Ride 3 Review – Accessibility Meets Obsession
Ride 3November 30th, 2018
Developer Milestone S.r.l. certainly works hard to keep motorcycle racing fans happy. They’ve already released a trio of two-wheeled racers this year (Monster Energy Supercross, MotoGP 18, and MXGP Pro) and now they’re topping off their very busy year with Ride 3. I’m pretty sure Milestone employees see Hondas and Ducatis every time they close their eyes.
The Ride series is arguably Milestone’s crown jewel – the Italian studio’s ultimate ode to motorcycle racing. Past entries in the series haven’t quite delivered on the “Gran Turismo, but for motorbikes” promise, but Ride 3 might, er, break the cycle. The game has been rebuilt from the ground up using Unreal Engine 4 and includes a revamped career mode, livery editor, and other new features. So, is Ride 3 the decadent celebration of moto racing fans have been waiting for, or is Milestone spinning its wheels?
Ride 3 isn’t the most demanding racing game on the market, but it’s a far cry from Road Redemption. This is a sim, albeit a relatively welcoming one, and victory requires precise use of the brake button to cut just the right line around corners. Play recklessly, and your bike will end up somewhere in the stands. Thankfully, Ride 3 comes with a number of tutorials and most should get the hang of cornering eventually.
While I don’t have any real-life motorcycle riding experience, I would say Ride 3’s physics feel pretty solid, although bikes don’t quite have the weight or feeling of power I’d expect. Individual bikes also don’t feel as unique as they should. Sure, bikes from completely different categories feel different – a sports bike feels different than a supermoto one – but vehicles of the same type and class generally ride fairly similarly. Ride 3’s crash physics also seem a bit wonky, with your rider often valiantly holding on as multiple opponents careen into them, only to go sprawling when you accidentally brush against a patch of grass.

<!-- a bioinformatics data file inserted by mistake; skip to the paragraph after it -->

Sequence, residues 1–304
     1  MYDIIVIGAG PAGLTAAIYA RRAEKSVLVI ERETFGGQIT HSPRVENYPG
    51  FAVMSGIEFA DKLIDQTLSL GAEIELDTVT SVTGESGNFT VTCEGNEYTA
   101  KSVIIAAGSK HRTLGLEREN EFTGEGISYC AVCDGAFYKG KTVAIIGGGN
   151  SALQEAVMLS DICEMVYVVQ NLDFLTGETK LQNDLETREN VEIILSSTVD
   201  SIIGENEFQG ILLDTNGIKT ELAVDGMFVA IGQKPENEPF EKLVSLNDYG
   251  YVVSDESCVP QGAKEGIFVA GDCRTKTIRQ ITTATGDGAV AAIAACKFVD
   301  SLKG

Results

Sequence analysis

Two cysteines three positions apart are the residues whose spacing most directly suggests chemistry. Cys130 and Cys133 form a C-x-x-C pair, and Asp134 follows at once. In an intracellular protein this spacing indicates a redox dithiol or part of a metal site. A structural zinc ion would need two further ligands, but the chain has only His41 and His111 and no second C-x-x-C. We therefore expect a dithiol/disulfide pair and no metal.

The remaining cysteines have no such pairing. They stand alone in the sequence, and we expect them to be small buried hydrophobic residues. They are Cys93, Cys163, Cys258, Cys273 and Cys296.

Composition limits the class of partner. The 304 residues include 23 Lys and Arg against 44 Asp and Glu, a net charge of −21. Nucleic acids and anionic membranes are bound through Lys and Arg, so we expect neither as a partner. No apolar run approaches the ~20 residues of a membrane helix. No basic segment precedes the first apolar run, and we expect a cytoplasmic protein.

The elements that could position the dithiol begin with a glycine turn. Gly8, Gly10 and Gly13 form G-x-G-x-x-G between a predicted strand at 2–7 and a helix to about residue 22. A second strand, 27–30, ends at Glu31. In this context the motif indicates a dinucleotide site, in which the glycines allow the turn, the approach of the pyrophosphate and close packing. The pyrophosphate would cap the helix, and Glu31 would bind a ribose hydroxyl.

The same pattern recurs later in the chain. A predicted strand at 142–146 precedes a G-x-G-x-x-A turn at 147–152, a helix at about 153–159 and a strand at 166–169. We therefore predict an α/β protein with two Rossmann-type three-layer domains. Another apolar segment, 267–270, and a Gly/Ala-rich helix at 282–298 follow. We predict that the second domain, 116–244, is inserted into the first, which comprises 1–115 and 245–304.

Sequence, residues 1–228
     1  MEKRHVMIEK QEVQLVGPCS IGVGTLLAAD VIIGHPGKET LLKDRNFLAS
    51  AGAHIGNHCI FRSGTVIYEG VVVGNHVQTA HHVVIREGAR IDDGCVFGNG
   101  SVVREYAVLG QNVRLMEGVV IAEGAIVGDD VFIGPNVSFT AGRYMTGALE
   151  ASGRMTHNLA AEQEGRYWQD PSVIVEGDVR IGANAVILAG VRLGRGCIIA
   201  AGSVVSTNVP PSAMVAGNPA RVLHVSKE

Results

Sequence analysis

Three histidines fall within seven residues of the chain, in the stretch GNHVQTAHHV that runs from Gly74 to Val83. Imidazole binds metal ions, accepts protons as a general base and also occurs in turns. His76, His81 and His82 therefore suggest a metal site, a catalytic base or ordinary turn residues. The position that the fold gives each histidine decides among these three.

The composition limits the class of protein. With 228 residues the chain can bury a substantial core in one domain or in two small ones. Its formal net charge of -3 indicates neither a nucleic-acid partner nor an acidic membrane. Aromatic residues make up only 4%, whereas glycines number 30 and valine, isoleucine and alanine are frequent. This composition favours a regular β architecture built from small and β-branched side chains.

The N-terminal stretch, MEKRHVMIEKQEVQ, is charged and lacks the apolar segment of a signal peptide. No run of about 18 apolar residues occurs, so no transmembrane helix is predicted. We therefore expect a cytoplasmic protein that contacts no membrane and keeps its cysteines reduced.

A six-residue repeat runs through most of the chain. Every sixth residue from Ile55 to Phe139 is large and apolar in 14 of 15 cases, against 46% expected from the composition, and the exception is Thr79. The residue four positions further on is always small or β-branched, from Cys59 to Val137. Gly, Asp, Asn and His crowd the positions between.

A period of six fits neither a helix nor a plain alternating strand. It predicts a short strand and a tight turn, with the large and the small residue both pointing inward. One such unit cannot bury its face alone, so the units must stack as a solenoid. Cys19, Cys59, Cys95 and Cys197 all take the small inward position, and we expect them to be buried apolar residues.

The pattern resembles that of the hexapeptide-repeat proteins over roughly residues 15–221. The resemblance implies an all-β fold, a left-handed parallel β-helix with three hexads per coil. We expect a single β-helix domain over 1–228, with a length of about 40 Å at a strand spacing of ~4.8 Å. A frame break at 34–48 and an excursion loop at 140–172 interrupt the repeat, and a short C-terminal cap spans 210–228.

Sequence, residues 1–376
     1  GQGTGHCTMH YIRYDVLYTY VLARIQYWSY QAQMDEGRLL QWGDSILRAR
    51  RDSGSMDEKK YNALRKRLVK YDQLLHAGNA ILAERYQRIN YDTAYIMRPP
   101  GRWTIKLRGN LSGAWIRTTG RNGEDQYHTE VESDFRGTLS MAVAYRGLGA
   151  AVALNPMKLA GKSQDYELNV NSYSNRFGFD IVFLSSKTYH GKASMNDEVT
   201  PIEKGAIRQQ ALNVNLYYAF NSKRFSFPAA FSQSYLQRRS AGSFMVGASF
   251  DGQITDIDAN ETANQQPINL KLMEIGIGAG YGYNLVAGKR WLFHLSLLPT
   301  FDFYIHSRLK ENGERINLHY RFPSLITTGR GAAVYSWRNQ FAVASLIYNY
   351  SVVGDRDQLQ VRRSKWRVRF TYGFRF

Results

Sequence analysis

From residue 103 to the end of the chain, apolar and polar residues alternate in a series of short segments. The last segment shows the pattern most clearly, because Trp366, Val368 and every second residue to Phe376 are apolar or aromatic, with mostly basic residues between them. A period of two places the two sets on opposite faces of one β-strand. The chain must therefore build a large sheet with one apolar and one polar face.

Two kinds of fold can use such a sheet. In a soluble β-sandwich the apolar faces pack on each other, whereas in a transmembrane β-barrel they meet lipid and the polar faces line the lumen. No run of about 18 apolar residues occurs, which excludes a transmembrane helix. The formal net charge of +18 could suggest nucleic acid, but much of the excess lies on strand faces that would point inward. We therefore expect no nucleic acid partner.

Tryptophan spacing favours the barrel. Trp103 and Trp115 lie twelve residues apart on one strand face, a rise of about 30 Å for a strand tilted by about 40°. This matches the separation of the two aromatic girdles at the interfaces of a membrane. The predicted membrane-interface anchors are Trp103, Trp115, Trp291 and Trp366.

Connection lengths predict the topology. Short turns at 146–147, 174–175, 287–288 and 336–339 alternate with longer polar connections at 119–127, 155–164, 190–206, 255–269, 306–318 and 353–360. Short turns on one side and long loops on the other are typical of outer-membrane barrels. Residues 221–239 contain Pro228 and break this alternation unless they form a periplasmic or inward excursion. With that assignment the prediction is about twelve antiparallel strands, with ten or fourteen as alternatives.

Of course, real-life moto racing also has its share of “random” elements and mishaps. Thankfully, the Ride series employs a rewind system that’s a godsend for anybody who’s not a sim racing savant. At any time the game lets you rewind about 10 seconds of race time, allowing you to correct a bungled turn or avoid that aggressive opponent who just ran you off the track. Aside from not being able to use it for time trials, there’s no real penalty for rewinding, allowing you to essentially craft a victory turn by turn. That may not be everyone’s cup of tea, but it’s nice that the option is there.
Really, Ride 3 is surprisingly accessible for a racing sim – the game provides a wide array of difficulty settings, allowing players to adjust opponent AI, ideal trajectory guides, braking and steering assistance, and more. As with the rewind feature, you’re not punished for toning down the difficulty. You do get cash bonuses for kicking things up a notch, which is a smart bit of balancing. Nobody is locked out of any of Ride 3’s content, but skilled players can buy new bikes quicker.